Margreta Moss is a journalist, historian, art critic and lecturer. Born in Florence, where she graduated in classical studies and gained a PhD in Mathematics, Margreta has also worked in Italy, the USA, Venezuela, Australia, Borneo, Middle East and, since 1993, in London, where she currently lives. She is a member of the Amerigo Vespucci a Casa Sua Committee and the Toscana-USA Association as well as head of the Fiorentini nel Mondo Association in the United Kingdom.
The National Gallery in London has assembled the most comprehensive exhibition on Raphael, which will open on April 9, 2022.
On September 14 at Florence’s Accademia del Disegno e delle Arti, the Fiorentini nel Mondo Association awarded its annual coveted prize for sonorous arts to Maestro Stefano Burbi for his ...
For Michelangelo, there was nothing to celebrate. Five hundred years ago, Pope Leo X forced him to leave his beloved Carrara and find new quarries in the impenetrable surroundings of ...
With family roots in Chianti, born in Florence and educated in Lucca, Pisa and Bologna, botanist Odoardo Beccari (1843–1920) spent what must have been a heady several months at the ...
When, a century ago, the National Gallery in London bought an impressive altarpiece, the Assumption of the Virgin, it was thought to be by Botticelli. But it turned out to be by Francesco Botticini (1446–98)—an esteemed colleague of Botticelli, as well as Filippo Lippi, Verrocchio and
Eugenio Alphandery, director of the world-famous Officina Profumo Farmaceutica di Santa Maria Novella, is not a shortsighted person. As a true engineer he gets to the heart of the matter, whether it’s about mechanical equipment or perfumed essences. His faun-like features perfectly match his deeply rooted
The majestic location of the Medici Villa in Seravezza, designed by Buontalenti, in the shade of the Apuan Alps, provides an elegant frame for the works of the Livornese ...
In February 1951, Giovanni Battista Giorgini held Italy’s first internationally recognized fashion show at Villa Torrigiani—an event that launched a multibillion dollar industry. It was there that Sonnet Stanfill first began to assemble documents, pictures and items that are now the basis of The Glamour of
Exploring the role of architecture in Italian Renaissance painting, the new major exhibition at London’s National Gallery, Building the Picture, pleases not only art lovers but architects and mathematicians, too. Rather than Madonnas and Magi, perspective is in the spotlight, leading to an appreciation of the fanciful spaces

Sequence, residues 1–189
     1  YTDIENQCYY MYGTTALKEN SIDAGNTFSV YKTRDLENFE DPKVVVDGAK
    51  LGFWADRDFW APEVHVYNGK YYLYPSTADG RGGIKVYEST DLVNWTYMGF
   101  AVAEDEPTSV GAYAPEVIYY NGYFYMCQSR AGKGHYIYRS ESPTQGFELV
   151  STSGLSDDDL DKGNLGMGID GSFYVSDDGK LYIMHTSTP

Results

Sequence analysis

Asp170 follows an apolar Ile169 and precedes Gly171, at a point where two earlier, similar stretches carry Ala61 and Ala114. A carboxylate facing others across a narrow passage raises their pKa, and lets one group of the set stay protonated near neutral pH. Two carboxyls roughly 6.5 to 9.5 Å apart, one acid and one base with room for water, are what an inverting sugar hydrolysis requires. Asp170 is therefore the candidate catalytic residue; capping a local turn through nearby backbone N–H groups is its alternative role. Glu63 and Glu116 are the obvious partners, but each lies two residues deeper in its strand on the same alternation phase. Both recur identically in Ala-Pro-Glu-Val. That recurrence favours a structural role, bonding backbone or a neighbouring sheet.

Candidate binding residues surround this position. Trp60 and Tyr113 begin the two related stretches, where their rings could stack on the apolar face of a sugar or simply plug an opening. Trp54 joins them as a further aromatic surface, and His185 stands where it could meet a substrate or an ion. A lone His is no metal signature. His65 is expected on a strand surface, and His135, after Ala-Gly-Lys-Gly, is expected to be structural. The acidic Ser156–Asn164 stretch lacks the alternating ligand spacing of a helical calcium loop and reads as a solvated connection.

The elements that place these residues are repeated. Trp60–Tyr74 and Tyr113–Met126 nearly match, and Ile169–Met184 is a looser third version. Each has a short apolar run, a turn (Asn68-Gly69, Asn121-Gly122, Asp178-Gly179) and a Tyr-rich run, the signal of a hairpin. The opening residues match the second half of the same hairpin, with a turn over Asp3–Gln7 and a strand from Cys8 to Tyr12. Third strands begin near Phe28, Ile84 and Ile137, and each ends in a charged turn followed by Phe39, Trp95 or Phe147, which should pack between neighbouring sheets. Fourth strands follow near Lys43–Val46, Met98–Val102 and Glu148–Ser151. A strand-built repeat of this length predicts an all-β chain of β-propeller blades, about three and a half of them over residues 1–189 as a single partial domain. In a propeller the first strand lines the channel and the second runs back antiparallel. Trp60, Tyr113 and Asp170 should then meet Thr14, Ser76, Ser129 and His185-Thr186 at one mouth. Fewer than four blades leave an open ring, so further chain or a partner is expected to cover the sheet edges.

Across the Atlantic, Filippo Mazzei should rightly be considered one of the Founding Fathers of the United States of America, together with George Washington, Thomas Jefferson and Benjamin Franklin. But he is hardly a household name. Filippo Mazzei (1730-1816) met Franklin in London, where he arrived in 1754 to
Florence is a city of stories. Every expanse of cobblestones at every street corner and corridor, building and tower has a history. TF staff has often wondered about the Renaissance building that houses our office, Palazzo Mondragone, located between via de' Banchi and via del Giglio, near piazza Santa Maria
Gina Lollobrigida is more than actress and Italian cinema icon. She is a great lady with many talents. Her high spirits, charming smile and strong character have made her a living legend. The Florentine caught up with her in the Sant'Agostino church, surrounded by her marble and bronze sculptures,
Life is good for Pisa native Dario Marianelli—after winning a Golden Globe in January, he can now add an Oscar to his collection for the Best Original Score for Joe Wright’s latest film, Atonement. The composer sat down with The Florentine’s Margreta Moss in
Fernando Botero was born in 1932 in the city of Medellín in Colombia. An abstract artist, Botero’s paintings and sculptures are noteworthy for their exaggerated proportions and the sheer corpulence of the human and animals figures depicted. Through the careful use of colour, shape and form,